Use this URL to cite or link to this record in EThOS: https://ethos.bl.uk/OrderDetails.do?uin=uk.bl.ethos.372406
Title: Studies on the pathogenesis of feline T-cell neoplasia
Author: Lees, Gillian Margaret
ISNI:       0000 0001 3607 6603
Awarding Body: University of Glasgow
Current Institution: University of Glasgow
Date of Award: 1985
Availability of Full Text:
Access from EThOS:
Access from Institution:
Abstract:
This study was concerned with two principal aspects of T-cell neoplasia in the cat. First, the role that T-cell growth factor (TCGF) had to play in the proliferation of neoplastic T-cells in vitro and secondly, the properties of the viruses associated with the feline thymic lymphosarcomas in this series. The first part of the work (Chapter Two) concerned the production of lymphocyte conditioned medium (Ly-CM) which provided a source of TCGF, or IL-2, as it is better known. This enabled the long-term culture of normal activated feline T-cells which were used in routine blastogenesis assays to determine the level of IL-2 in Ly-CM. The next chapter (Chapter Three) involved the establishment of neoplastic feline T-cell lines in vitro. The cells were derived from thymic lymphosarcomas and were cultured both with and without Ly-CM. Most of these primary cultures required this source of IL-2 for proliferation with two noticeable exceptions (designated T3 and T17) which were extensively studied in the following chapter. The experiments in Chapter Four were designed to determine the role of IL-2 in T-cell neoplasia. The evidence generated suggests that at least some neoplastic T-cell lines have an altered requirement for, or response to, IL-2' in vitro. Recent data from the study of human T-cell neoplasia suggests that enhanced IL-2 receptor expression may be fundamental to the alteration in the requirement for IL-2 observed with some of these cells. The strategy for the further characterisation of the growth requirements of neoplastic T-cells is discussed. In Chapter Five the nature of the viruses associated with the thymic lymphosarcomas and the resultant cell lines was determined. The frequent presence of a novel FeLV which has recombined with a cellular oncogene (c-myc) was reported and the in vitro transmission of these recombinant viruses (FeLV/myc) was demonstrated. The association of additional FeLV subgroups other than A with thymic lymphosarcoma in the series was also observed. The generation of these subgroups and their possible role in the development of neoplasia is discussed. Finally, in Chapter Six, the in vivo passage of the recombinant FeLV/myc virus from the T3 and F422 cell lines was described. These viruses, which originated from cells from thymic lymphosarcomas, rapidly produced the same tumours in susceptible animals. Furthermore, the cells isolated from these tumours readily established in culture without an exogenous source of IL-2. These cells continued to grow under the same conditions as do the parental T3 and F422 cell lines. The relationship between the enhanced expression of the myc oncogene and independence from an exogenous source of IL-2 for growth, is discussed in the light of recent evidence, and future experimental approaches are suggested.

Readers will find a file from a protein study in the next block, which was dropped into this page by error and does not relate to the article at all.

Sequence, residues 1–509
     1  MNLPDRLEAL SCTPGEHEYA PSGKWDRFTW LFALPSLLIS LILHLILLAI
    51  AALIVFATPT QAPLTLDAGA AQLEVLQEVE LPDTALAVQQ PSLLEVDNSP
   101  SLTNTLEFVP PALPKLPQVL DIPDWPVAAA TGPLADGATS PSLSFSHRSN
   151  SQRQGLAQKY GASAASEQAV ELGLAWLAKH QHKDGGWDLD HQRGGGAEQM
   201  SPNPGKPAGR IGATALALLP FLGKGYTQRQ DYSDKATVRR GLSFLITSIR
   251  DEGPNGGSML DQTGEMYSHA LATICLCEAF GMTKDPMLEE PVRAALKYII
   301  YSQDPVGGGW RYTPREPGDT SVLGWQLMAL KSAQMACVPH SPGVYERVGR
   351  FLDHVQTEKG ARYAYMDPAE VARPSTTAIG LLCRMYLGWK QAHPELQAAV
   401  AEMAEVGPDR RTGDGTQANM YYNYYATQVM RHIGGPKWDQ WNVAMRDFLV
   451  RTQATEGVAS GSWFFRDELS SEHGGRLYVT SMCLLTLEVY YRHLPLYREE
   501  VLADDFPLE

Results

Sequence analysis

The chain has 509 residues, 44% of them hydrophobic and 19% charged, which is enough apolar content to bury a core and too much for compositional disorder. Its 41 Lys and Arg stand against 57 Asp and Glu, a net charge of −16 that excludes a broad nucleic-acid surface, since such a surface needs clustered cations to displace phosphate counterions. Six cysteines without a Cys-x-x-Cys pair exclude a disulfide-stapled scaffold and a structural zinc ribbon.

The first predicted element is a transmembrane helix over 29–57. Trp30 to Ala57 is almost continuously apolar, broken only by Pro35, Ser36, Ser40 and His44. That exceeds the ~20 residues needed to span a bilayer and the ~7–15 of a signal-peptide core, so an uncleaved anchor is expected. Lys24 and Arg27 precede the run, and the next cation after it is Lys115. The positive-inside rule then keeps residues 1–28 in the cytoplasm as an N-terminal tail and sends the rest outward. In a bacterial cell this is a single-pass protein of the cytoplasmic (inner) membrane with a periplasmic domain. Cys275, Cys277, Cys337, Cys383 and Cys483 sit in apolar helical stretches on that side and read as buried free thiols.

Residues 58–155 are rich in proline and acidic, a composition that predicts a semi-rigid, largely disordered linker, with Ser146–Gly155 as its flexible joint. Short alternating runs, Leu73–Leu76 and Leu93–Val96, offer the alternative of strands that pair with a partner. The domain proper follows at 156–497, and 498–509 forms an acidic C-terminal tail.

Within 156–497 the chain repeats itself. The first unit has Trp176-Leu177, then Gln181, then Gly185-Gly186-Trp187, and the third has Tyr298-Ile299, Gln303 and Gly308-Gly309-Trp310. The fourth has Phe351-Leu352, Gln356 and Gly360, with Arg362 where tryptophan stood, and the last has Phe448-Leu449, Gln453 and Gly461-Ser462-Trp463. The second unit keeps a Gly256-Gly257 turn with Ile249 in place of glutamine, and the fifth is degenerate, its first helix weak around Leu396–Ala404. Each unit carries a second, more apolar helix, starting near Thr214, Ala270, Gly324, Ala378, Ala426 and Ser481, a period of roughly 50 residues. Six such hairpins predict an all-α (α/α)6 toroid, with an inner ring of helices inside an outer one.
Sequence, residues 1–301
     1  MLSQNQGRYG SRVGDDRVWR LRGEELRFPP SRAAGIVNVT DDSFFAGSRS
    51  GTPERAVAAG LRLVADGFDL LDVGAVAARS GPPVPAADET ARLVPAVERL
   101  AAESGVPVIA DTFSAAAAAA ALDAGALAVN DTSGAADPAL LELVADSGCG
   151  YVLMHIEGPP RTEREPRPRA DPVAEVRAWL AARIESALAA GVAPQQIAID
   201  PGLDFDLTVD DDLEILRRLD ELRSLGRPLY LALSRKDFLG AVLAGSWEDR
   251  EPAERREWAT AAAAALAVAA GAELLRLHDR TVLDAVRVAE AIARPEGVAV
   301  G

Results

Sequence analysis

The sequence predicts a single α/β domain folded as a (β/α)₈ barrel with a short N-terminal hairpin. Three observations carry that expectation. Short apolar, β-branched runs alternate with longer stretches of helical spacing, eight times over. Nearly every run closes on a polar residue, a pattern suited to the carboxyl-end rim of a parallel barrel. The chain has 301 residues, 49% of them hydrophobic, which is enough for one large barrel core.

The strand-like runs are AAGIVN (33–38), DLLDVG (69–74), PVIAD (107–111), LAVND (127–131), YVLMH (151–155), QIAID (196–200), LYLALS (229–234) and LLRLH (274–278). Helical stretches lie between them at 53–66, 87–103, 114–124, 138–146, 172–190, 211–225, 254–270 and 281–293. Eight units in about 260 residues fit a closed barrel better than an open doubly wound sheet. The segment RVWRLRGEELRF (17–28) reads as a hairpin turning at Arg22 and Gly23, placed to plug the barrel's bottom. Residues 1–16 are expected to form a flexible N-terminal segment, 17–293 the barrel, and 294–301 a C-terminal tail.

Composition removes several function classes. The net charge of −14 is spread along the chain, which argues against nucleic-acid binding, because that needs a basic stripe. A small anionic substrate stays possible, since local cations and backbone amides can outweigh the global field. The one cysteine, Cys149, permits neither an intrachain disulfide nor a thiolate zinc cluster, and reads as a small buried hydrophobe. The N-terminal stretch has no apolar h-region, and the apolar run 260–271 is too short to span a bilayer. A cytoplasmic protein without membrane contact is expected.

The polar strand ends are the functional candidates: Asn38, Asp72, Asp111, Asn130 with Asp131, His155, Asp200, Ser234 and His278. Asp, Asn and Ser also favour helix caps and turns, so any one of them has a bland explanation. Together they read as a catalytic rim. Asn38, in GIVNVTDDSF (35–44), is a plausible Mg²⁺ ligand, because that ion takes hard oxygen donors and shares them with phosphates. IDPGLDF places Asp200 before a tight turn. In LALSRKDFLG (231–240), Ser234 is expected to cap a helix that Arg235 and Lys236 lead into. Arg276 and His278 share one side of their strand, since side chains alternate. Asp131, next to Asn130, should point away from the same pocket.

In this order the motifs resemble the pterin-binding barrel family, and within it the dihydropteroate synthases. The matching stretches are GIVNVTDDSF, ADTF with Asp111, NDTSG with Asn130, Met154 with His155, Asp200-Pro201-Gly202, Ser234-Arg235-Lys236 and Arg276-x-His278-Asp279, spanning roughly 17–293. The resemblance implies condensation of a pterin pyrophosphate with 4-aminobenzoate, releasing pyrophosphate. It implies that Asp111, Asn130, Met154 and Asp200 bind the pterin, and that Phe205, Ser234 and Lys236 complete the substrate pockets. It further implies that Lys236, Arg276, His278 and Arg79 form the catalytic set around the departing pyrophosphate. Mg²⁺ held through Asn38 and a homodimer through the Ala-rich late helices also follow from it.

Supervisor: Not available Sponsor: Not available
Qualification Name: Thesis (Ph.D.) Qualification Level: Doctoral
EThOS ID: uk.bl.ethos.372406  DOI: Not available
Keywords: Human anatomy & human histology
Share: